Do you prefer familiar situations and interactions over new, unfamiliar ones? The social transition from high school to college can be smoother if you attend a small college. Even if you just make a couple of friends initially, you’re likely to see them around frequently. You'll be able to make strong social connections with other students more easily since almost everyone has some activity, class, or living situation in common at a small college. If you’re more of an introverted type who’s not going to college for the big parties, then the small college social scene may appeal to you as well (not that small colleges don’t have parties, they’re just a little less on the crazy side than big colleges!).

Searching for Small Colleges

So you’ve decided you’re interested in small colleges - how do you find one that you’ll like? I would recommend using College Navigator initially because you can easily search for schools by size (choose a maximum enrollment of 5,000 if you’re looking for small schools) as well as other characteristics like surrounding area and admissions rate. Just click on “more search options” at the bottom of the search panel to get access to the undergraduate student enrollment search feature.


Your results will give you a list of schools you might be interested in, and f you click on any of them, you’ll get extensive data about all aspects of the school.


You can also add schools to your “favorites” and compare the statistics side by side to see if one fits better with your tuition or admissions requirements. After this initial search, you should try out some other college search sites to get more details about campus life and other factors that might affect your college experience.

I’d recommend signing up for a profile on Cappex. If you fill out information for all of your preferences, including student enrollment, it will find appropriate college matches for you. You can also search outright for any colleges that you found on College Navigator that looked interesting to you. You’ll find a lot more data on Cappex about life at the schools including student reviews and other information about the area and the social scene. Every school is different, so make sure size is just a starting point and not a deciding factor.


Small colleges are usually defined by a strong sense of community, individual academic attention, and flexible, hands-on learning experiences. Students at small colleges tend to take a lot of pride in their schools and cherish the comfortable, familiar atmosphere. You may consider attending a small college if strong relationships with your teachers and classmates are important to you and you feel you will benefit from more individually tailored academic guidance. If you prefer a more toned-down social scene and like being able to see the same small group of friends more frequently, the small college life will also probably appeal to you.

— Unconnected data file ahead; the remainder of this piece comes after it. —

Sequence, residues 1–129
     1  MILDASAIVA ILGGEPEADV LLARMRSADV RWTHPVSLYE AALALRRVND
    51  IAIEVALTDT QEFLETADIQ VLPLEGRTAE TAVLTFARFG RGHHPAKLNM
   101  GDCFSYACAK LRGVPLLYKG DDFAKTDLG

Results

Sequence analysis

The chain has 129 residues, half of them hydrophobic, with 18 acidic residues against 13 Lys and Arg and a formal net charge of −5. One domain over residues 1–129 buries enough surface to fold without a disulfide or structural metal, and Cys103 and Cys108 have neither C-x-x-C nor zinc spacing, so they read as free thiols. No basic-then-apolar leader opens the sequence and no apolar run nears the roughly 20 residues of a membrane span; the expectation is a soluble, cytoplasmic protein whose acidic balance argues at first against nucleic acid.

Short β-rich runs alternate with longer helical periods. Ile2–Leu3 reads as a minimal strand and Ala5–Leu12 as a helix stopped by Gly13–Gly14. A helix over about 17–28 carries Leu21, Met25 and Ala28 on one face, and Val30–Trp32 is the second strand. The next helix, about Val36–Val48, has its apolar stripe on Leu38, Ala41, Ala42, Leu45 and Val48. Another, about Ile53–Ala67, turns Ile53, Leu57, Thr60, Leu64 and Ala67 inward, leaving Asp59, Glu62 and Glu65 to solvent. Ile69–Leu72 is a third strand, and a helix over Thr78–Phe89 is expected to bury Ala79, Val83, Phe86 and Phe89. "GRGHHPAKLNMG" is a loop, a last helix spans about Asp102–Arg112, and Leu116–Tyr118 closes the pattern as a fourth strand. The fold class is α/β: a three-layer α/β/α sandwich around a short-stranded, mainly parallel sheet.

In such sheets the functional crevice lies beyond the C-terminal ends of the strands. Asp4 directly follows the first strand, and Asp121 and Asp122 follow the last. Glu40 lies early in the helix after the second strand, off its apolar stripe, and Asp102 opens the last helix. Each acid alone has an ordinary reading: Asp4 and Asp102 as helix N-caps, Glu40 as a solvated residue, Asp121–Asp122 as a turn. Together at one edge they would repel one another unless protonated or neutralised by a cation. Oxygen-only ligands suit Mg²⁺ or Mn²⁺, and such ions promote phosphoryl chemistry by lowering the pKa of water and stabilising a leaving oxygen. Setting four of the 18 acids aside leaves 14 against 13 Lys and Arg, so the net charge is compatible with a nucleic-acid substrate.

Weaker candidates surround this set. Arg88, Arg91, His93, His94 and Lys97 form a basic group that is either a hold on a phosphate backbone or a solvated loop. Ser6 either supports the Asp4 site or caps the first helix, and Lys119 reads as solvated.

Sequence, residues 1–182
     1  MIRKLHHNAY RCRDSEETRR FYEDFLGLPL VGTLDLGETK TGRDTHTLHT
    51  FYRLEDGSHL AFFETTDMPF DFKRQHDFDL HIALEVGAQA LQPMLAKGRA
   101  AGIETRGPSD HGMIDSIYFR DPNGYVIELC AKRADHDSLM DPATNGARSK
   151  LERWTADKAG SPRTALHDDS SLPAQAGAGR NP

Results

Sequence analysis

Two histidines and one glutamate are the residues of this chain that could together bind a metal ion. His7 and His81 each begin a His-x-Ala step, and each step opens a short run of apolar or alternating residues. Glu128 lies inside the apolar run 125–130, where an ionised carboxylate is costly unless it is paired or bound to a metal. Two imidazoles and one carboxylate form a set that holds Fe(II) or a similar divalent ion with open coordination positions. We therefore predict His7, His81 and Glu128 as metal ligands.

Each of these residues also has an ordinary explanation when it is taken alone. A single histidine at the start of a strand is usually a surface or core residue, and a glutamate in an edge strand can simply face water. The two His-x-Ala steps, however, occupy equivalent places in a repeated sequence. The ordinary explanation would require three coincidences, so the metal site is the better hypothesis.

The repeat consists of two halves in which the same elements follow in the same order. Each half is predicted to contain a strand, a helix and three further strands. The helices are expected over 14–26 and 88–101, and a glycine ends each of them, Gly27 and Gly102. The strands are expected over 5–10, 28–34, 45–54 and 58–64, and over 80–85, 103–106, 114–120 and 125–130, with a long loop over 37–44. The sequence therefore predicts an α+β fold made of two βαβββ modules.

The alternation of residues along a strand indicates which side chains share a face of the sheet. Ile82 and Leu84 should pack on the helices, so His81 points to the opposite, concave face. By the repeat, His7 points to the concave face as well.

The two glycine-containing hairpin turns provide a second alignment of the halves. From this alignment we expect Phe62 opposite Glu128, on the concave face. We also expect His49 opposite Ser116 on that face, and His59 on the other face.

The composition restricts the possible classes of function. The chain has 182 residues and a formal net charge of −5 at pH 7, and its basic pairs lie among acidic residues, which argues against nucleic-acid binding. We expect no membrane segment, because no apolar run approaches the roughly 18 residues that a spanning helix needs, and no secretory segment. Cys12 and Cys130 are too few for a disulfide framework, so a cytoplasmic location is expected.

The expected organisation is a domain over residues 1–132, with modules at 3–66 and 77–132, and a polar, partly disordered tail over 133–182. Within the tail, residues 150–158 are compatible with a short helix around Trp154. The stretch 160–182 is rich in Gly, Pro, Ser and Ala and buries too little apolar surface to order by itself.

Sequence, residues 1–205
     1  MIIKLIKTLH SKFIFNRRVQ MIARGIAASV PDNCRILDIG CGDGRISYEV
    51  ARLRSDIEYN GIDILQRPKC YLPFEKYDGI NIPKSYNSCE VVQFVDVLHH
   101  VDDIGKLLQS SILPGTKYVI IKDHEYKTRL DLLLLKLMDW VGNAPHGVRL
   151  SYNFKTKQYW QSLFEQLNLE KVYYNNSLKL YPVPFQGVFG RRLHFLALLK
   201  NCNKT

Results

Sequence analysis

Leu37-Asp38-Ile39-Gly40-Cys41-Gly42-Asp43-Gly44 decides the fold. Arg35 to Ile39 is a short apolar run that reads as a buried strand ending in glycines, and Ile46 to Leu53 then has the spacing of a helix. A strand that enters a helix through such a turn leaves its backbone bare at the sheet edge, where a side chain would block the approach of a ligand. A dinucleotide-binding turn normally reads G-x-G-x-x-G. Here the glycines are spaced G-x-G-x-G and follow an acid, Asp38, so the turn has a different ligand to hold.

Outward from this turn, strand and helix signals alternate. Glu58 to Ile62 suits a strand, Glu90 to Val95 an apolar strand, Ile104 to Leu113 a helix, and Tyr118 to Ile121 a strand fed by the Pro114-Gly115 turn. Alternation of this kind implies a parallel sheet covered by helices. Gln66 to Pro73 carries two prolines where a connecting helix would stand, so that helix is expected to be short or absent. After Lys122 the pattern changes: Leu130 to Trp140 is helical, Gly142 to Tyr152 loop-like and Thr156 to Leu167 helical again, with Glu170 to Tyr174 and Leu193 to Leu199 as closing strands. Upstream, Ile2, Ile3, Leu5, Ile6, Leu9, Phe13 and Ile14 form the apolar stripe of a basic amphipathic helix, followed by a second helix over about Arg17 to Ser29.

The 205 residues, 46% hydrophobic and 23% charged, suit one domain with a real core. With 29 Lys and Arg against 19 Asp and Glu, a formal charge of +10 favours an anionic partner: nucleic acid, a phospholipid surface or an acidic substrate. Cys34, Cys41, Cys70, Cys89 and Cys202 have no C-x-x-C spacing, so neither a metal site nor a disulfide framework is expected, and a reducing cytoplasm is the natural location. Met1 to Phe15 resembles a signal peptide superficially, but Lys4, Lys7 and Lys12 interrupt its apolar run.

That being said, be sure to treat each college individually and not judge it just by its enrollment size. Small colleges might appeal to you in a general sense, but that doesn’t mean you can choose just any small college and be happy. Devote some time to figuring out your wants and needs in tandem with your research so you can find your ideal school.


What's Next?

Still struggling with how to go about choosing a college that's right for you? Read my step-by-step guide on how to choose the best schools for your personality and academic goals.

Planning on applying to a bunch of different schools with a variety of application requirements? Learn how to build the most versatile college application.

If you're worried about how your standardized test scores may affect your chances of college admission, read about when these scores might not matter for you in the admissions process.



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About the Author
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Samantha Lindsay

Samantha is a blog content writer for PrepScholar. Her goal is to help students adopt a less stressful view of standardized testing and other academic challenges through her articles. Samantha is also passionate about art and graduated with honors from Dartmouth College as a Studio Art major in 2014. In high school, she earned a 2400 on the SAT, 5's on all seven of her AP tests, and was named a National Merit Scholar.